A secondary effect of this exhibit has been to show the power of photographic images, even unoffending ones, well beyond the intentions of the photographer. When the show opened late last year, there was a brief period of controversy regarding one of the images. “Sun One” portrays a boy, shirtless, hands on hips in a defiant and proud stance. He wears an African-inspired medallion by local artist Sammie Nicely. The Metro Parks Department was nervous about this photograph, citing an incident involving inappropriate activity between an adult and a child in Centennial Park sometime last year. Officials were concerned that displaying the photo would not be “appropriate,” which could mean they feared it might spark anxieties about children’s safety, or be seen as insensitive to those fears. In the end, they agreed to keep the photo in this show, but the controversy recalls the trouble photographer Sally Mann has gotten into for her photographs of her children. But while Mann self-consciously invoked an eroticization of her subjects, Wilkinson has no such purpose. His position is simple. “I have one cause: to instill pride.” The reaction to this photo provides a good example of how, whatever the photographer’s intentions, he or she cannot entirely control how an image is understood or used.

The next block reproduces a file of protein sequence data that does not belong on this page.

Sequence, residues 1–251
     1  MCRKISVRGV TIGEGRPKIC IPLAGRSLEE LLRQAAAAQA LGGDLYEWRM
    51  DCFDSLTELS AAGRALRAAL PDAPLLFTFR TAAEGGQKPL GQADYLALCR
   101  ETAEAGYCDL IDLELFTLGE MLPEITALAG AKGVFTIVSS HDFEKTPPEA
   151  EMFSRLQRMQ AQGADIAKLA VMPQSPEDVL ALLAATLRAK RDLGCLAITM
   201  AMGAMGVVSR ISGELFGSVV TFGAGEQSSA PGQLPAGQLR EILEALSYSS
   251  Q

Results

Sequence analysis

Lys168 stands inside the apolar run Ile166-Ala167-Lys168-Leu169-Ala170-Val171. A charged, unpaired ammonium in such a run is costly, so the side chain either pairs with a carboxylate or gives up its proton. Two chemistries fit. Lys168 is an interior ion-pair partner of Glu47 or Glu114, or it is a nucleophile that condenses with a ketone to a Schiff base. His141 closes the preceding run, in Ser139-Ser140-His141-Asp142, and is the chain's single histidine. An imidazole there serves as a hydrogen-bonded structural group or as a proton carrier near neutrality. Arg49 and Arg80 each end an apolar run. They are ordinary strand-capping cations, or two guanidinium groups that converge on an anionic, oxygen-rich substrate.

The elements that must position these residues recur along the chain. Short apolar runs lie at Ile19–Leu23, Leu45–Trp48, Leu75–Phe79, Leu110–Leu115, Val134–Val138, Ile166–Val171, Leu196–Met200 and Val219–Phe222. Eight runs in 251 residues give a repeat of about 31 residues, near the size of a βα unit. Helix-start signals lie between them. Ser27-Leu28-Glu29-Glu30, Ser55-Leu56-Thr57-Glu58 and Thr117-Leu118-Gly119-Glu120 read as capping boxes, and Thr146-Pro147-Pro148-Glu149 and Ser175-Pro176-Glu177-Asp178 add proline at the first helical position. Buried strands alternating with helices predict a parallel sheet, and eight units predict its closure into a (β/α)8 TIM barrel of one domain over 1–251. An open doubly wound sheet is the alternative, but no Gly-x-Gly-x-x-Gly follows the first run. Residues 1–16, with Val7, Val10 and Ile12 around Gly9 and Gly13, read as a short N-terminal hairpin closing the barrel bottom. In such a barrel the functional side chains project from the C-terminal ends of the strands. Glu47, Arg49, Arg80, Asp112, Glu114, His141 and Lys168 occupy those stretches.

For his part, Wilkinson tunes in to how images can matter in a positive way, which comes out strongly in “The Night Before Change.” He portrays his female subject here as a regal person, as much so as his portrait of a Yoruba chief. She is a mature woman, naked from the chest up, wrapped in generous folds of creamy yellow cloth. Wilkinson took the portrait of this woman, a friend, the night before she went into the hospital for a double mastectomy, providing her with a view of herself that she would never be able to have again. A simple photograph could have served the purpose of recollecting her body before the operation, but this goes further and historicizes the woman. She sits in front of printed cloth hangings and a set of sticks capped with charms made from bottles, evoking the decoration of a traditional African dwelling. The cloth, the bottles and many other details make this woman a daughter, or a mother, of a distinct history. The image could not be further from the sterility of the operating table.
The intention to heal, soothe pain, reclaim and redeem runs through all of Wilkinson’s photographs. In the African Male Museum, he seeks to “demystify and dispel anxiety about the black male” and replace psychologically toxic self-images with “my own proud vision.” He points out that the media is filled with images, as in the Chronicles of Narnia, of “young, promising white kings and queens.” Wilkinson creates some of the same for black men, women and children.